Market bubbles occur when goods are traded at prices that greatly
exceed real value. They burst when they grow so bloated that they
become unstable. The current economic turmoil, widely viewed as the
worst since 1929, is one example of what can happen when the
difference between market value and actual value becomes too great.
Environmentally minded economists have long warned that equally
burstable ecological bubbles can occur if humanity lives beyond
earth's capacity to regenerate. The problem, they say, is that we're
addicted to economic growth. Mainstream economics assumes that the
economy, the engine of modern civilization, can grow perpetually.
But if growth means ever-increasing consumption of natural
resources (and it has, since the start of the Industrial Revolution
250 years ago), then it can't continue indefinitely. Earth and its
resources are finite.
Herman Daly, an economist at the University of Maryland's School
of Public Policy in College Park, says that humanity is already at
or beyond the point where economic growth is counterproductive,
where the environmental and social costs more than cancel the gains.
"So-called 'economic' growth already has become uneconomic,"
Professor Daly stated in a talk last spring. "The growth economy is
For some time, Daly and others have called for a rethinking and
restructuring of our economy before nature restructures it for us.
The notion of perpetual economic growth warrants scrutiny before it
drives us over a cliff, they argue. The science of economics must be
overhauled to better account for earth's physical realities.
Civilization won't have to stop in its tracks, just shift emphasis,
says Daly. The "steady state economy" he foresees emphasizes
qualitative development over quantitative growth. "Growth is more of
the same stuff," he says. "Development is the same amount of better
In his 2000 book, "Something New Under the Sun," John McNeill,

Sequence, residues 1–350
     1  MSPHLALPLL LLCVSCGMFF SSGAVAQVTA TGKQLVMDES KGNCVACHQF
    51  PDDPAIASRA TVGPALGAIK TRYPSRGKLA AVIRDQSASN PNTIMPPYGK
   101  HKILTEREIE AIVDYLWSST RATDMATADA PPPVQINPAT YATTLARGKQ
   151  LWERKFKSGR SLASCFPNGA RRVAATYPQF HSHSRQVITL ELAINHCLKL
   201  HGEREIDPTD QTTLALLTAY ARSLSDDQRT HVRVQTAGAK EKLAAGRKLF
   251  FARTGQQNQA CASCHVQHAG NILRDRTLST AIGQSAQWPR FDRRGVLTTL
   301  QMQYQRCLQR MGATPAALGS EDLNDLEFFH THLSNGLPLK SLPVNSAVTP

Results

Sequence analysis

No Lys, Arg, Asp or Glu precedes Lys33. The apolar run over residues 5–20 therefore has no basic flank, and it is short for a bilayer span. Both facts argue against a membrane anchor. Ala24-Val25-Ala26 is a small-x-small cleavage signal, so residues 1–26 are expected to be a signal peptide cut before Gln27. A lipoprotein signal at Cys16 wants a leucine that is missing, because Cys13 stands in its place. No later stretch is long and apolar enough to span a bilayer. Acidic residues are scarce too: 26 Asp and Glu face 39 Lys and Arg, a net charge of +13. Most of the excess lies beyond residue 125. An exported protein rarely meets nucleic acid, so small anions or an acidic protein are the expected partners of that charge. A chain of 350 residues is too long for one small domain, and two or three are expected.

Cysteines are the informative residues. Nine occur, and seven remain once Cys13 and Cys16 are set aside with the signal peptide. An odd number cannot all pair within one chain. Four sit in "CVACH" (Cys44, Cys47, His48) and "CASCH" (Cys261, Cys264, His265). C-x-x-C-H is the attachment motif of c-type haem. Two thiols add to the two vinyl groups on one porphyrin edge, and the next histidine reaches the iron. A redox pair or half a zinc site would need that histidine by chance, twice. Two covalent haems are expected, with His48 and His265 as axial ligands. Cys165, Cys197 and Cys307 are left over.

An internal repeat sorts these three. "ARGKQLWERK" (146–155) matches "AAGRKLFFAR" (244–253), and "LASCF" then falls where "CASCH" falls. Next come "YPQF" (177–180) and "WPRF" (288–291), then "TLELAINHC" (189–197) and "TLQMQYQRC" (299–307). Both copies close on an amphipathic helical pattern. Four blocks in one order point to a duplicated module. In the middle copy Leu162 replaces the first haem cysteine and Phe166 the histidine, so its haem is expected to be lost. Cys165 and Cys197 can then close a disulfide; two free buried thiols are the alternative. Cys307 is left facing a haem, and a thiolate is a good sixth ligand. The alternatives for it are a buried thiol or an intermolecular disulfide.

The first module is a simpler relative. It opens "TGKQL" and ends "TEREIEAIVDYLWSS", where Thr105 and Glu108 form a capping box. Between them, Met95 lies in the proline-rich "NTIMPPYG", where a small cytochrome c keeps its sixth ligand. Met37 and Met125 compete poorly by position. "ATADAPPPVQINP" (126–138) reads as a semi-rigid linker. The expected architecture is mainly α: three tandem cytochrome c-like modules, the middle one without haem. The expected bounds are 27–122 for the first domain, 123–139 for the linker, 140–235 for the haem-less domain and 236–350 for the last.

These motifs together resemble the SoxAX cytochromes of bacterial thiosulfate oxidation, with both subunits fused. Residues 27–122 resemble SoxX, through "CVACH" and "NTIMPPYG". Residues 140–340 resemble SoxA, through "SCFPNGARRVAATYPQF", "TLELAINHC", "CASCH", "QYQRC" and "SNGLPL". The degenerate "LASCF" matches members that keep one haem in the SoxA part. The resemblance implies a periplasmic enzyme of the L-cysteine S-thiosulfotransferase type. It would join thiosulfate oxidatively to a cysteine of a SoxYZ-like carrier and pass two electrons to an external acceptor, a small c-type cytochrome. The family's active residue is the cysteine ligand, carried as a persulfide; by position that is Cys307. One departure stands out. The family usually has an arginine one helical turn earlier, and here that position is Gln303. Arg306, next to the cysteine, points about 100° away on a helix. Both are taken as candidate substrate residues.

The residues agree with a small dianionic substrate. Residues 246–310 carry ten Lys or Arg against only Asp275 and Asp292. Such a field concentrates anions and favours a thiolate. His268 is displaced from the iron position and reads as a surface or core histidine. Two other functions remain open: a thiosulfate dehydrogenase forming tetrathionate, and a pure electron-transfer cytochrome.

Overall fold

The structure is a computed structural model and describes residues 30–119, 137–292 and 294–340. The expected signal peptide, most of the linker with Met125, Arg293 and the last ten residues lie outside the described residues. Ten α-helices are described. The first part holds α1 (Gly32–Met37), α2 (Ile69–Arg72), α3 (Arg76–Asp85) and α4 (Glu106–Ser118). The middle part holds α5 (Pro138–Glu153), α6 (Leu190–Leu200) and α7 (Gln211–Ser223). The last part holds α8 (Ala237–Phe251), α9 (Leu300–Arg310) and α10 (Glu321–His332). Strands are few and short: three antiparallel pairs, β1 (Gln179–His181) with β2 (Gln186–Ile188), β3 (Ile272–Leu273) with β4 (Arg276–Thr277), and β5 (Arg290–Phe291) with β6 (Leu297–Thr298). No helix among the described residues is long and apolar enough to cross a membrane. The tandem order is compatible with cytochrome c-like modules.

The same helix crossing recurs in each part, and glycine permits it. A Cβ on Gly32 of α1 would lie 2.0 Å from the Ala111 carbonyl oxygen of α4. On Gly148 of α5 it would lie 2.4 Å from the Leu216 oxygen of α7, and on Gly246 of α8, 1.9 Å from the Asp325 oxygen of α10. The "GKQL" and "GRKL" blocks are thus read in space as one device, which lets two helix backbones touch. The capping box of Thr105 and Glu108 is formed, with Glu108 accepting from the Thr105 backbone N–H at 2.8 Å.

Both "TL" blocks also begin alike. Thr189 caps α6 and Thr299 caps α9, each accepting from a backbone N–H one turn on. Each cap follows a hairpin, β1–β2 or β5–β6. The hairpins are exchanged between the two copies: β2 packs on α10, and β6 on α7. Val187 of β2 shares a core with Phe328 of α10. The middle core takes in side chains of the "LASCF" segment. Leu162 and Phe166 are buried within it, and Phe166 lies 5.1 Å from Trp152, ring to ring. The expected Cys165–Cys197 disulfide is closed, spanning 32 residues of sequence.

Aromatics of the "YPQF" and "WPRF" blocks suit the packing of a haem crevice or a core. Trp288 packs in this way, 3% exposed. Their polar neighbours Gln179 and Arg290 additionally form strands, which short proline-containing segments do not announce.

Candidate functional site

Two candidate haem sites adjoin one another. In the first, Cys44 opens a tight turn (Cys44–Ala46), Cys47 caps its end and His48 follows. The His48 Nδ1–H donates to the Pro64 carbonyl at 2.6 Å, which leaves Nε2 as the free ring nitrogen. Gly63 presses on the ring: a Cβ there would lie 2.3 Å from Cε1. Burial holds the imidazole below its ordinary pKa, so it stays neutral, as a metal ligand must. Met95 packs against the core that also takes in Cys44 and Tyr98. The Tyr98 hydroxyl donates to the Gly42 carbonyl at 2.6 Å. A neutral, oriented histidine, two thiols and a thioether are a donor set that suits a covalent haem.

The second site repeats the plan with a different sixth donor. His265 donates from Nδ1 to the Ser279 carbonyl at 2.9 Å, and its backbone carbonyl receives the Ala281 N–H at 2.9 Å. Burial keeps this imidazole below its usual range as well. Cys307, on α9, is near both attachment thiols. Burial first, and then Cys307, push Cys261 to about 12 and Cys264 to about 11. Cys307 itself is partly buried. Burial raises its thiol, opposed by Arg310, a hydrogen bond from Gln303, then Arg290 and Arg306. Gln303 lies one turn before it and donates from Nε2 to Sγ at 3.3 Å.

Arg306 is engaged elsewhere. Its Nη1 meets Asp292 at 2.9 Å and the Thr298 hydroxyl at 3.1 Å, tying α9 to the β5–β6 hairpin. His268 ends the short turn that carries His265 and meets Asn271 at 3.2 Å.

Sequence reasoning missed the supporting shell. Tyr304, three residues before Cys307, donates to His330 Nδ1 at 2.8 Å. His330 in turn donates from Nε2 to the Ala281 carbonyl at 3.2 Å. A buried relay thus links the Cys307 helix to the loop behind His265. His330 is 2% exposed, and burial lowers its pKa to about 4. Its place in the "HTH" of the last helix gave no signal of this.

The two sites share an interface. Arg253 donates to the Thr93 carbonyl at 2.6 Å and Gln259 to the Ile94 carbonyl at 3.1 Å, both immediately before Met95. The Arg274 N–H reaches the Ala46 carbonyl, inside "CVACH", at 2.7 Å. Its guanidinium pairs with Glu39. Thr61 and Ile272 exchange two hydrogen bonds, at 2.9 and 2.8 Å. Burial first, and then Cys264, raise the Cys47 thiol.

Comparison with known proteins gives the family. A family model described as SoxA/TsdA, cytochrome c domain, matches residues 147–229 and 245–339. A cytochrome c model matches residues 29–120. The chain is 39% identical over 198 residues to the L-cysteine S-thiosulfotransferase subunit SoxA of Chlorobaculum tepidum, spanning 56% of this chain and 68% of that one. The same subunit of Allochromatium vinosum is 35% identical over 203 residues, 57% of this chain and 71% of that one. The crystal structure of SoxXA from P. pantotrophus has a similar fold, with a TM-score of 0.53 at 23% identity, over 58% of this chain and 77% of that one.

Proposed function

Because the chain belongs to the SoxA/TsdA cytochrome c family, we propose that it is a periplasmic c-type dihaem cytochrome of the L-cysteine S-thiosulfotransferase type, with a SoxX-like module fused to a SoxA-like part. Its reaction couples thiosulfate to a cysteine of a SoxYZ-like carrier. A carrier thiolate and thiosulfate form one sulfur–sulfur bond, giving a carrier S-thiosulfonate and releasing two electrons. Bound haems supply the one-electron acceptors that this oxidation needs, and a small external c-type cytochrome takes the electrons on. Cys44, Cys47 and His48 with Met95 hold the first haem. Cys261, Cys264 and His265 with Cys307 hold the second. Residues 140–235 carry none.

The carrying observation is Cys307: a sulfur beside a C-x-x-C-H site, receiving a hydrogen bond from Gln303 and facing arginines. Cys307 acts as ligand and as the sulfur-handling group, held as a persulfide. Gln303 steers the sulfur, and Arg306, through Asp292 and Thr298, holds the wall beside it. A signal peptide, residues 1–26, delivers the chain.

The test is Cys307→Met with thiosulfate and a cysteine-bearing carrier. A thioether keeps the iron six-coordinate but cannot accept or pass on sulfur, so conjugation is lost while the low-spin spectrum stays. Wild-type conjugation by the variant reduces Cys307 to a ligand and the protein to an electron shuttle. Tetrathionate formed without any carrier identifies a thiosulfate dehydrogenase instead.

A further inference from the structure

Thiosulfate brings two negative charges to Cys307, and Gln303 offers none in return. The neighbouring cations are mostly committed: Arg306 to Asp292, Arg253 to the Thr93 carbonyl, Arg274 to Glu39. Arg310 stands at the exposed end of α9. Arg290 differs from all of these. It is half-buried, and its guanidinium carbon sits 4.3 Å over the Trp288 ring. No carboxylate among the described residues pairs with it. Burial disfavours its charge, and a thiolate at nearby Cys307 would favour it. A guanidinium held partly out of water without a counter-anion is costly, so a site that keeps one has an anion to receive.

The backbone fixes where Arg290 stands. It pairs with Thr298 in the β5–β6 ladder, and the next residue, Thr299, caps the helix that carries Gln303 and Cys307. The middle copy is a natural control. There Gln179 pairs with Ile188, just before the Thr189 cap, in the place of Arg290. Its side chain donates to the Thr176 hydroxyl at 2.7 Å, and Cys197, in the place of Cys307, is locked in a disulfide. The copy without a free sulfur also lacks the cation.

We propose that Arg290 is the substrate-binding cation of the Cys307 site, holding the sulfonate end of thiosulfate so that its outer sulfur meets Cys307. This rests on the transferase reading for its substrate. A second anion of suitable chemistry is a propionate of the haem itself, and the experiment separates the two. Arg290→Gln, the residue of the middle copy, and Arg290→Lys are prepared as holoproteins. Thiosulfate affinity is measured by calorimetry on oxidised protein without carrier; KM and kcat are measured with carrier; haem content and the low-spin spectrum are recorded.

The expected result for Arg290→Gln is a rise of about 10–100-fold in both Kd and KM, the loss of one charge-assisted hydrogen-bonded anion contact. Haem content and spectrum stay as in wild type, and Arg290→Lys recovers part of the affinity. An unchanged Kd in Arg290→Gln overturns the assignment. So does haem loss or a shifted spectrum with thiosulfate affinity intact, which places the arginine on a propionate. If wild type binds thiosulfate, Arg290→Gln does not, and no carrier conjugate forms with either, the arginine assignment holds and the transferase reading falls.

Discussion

professor of environmental history at Georgetown University in
Washington, D.C., tells how unprecedented the past two centuries of
human history have been.
"Most economists are under the impression that 2 to 6 percent
annual growth is a normal condition for human society," says
Professor McNeill. "A longer historical view would tell you such
growth is a peculiar period in human society."
Growth unprecedented in historyFor the vast majority of human
history, stasis was the norm. After AD 1, it took the human
population 1,500 years to double in size to between 400 million and
500 million. But since 1820, population has increased more than
sixfold, to 6.6 billion. That's an incredible achievement for a
species that, at the beginning of the agricultural revolution 10,000
years ago, was outnumbered by baboons, writes McNeill.
In the past 200 fossil-fueled years, the per capita growth of the
gross world product (the total market value of goods and services)
has far outstripped population increase. People are richer and live
longer. But no one should overlook the cost, says McNeill. In that
period - and especially during the 20th century - humankind has
transformed the earth.
At the dawn of the Industrial Revolution in the late 1700s,
English demographer Thomas Malthus foresaw problems with growth. If
populations grew while resources remained constant - the tendency,
he thought - there would be less for each person. Most people would
end up poorer and more miserable.
That generally hasn't occurred. On average, people are much
richer. (In absolute terms, about the same number of people are poor
today - 800 million - as in Malthus's time.) Malthus failed to
account for innovation and technology, which have let humanity
squeeze more and more from the same quantity.
Or is it just 'the new Malthusianism'?For this reason, Pat
Michaels, senior fellow in environmental studies at the Cato
Institute in Washington, D. …